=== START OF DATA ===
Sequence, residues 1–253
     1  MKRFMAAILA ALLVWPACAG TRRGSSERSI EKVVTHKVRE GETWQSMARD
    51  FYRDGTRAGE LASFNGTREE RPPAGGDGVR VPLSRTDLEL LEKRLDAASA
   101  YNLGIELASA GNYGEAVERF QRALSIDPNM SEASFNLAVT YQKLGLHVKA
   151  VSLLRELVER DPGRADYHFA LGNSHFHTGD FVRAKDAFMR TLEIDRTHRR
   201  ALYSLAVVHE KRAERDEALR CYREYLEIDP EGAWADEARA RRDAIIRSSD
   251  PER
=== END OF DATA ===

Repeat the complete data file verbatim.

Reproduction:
Sequence, residues 1–253
     1  MKRFMAAILA ALLVWPACAG TRRGSSERSI EKVVTHKVRE GETWQSMARD
    51  FYRDGTRAGE LASFNGTREE RPPAGGDGVR VPLSRTDLEL LEKRLDAASA
   101  YNLGIELASA GNYGEAVERF QRALSIDPNM SEASFNLAVT YQKLGLHVKA
   151  VSLLRELVER DPGRADYHFA LGNSHFHTGD FVRAKDAFMR TLEIDRTHRR
   201  ALYSLAVVHE KRAERDEALR CYREYLEIDP EGAWADEARA RRDAIIRSSD
   251  PER